Star-Bulletin writer Gordon Pang
contributed to this report.
Suicide try in Texas jailBy Gregg K. Kakesako
worries isle mans family
A Waianae inmate who tried to escape from a Texas prison in August attempted to kill himself in his cellblock a few days later, and his family is worried that he is not receiving proper treatment for his mental condition.
Matthew David Treu was found by Newton County Corrections Center officers Sept. 3 hanging from the vent in his cell with a bedsheet wrapped around his neck. Treu had pleaded no contest last year to five felony charges in connection with a crime spree on the Big Island, including burning a home after a burglary.
His family found out about the suicide attempt three weeks later, when Treu wrote complaining about the conditions at Newton, says his sister, Phyllis Galeng.
Galeng said state Department of Public Safety officials have told her that they didn't know that her brother tried to commit suicide until she contacted them Nov. 24.
Ted Sakai, Department of Public Safety spokesman, said state prison health officials have checked into Treu's condition and "at this point there is no recommendation that he be sent back."
Hawaii prison officials will continue to monitor the situation, Sakai said.
Treu, 36, and an inmate from Oklahoma stole a pickup truck belonging to a corrections officer at Newton County Correctional Center in Beaumont, Texas, near the Louisiana border, but the two were recaptured a few hours later.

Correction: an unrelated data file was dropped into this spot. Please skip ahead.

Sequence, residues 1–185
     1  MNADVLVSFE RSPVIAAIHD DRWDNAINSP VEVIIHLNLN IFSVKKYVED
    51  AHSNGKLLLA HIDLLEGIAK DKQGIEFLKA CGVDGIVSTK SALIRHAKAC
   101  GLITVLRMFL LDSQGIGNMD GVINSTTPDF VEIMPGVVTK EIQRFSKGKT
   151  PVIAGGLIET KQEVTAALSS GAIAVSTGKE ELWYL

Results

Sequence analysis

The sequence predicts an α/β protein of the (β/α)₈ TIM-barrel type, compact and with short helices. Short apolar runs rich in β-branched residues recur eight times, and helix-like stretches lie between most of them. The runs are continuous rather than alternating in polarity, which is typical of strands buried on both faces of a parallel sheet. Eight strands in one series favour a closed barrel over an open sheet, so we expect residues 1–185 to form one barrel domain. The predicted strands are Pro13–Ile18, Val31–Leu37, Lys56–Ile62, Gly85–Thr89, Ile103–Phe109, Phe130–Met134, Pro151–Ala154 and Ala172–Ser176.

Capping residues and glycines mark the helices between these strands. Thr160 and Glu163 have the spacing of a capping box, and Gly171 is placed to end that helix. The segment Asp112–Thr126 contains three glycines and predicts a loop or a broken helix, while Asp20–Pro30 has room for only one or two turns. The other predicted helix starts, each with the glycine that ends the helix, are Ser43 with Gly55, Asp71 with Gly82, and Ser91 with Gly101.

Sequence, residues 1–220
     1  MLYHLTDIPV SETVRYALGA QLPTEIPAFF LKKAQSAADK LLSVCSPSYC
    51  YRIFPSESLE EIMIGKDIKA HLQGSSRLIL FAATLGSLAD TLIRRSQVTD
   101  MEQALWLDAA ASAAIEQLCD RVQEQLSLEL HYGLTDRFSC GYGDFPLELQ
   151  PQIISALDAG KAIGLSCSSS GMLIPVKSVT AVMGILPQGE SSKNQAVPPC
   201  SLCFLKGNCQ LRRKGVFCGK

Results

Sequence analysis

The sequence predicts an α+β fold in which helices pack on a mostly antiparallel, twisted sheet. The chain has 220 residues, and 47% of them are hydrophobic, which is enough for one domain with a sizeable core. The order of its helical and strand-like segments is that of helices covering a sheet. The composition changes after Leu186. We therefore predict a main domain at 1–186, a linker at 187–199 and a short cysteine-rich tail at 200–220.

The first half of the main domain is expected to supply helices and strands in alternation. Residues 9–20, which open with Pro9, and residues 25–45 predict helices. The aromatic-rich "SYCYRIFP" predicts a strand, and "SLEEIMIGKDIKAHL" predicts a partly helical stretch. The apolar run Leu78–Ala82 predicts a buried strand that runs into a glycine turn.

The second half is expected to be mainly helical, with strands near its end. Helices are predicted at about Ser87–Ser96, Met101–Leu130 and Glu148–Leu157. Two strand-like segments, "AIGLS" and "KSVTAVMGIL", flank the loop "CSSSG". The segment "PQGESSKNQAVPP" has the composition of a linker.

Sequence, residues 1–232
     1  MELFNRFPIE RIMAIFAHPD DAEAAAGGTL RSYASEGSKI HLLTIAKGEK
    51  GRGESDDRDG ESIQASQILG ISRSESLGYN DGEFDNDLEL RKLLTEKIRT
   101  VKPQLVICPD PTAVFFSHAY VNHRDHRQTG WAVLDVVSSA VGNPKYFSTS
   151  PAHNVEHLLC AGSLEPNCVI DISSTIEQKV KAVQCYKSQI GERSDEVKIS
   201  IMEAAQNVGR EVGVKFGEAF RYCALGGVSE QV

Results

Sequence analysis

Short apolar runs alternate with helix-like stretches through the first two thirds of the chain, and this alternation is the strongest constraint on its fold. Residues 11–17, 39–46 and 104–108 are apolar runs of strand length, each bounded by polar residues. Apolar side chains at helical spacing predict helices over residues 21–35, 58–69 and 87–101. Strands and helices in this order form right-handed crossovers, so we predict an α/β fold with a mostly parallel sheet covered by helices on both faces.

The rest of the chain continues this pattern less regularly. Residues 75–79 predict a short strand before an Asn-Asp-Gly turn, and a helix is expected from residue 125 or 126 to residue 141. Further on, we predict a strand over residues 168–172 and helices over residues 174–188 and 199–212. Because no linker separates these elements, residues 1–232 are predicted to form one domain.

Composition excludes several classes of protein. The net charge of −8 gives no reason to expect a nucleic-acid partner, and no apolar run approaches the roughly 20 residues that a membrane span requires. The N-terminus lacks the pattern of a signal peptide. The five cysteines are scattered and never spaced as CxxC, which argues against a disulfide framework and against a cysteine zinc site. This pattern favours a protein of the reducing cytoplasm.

Treu was the second inmate from Hawaii who tried to escape from Newton. On Feb. 4, 1996, Larry Pagan kidnapped a woman after his escape and took her at knifepoint to the Mexican border. He was recaptured and has been sentenced to a life term in a federal prison.
Treu has yet to be charged for the Aug. 30 escape attempt.
Since then, Treu has been in protective custody in a 6-by-8 lockdown cell 24 hours a day. The Oklahoma inmate, according to Galeng, has been returned to his home state.
Galeng acknowledges that her brother is "a convicted felon and should be punished for attempting to escape from Newton," but she is worried about his mental state based upon several letters received since he was placed in lockdown.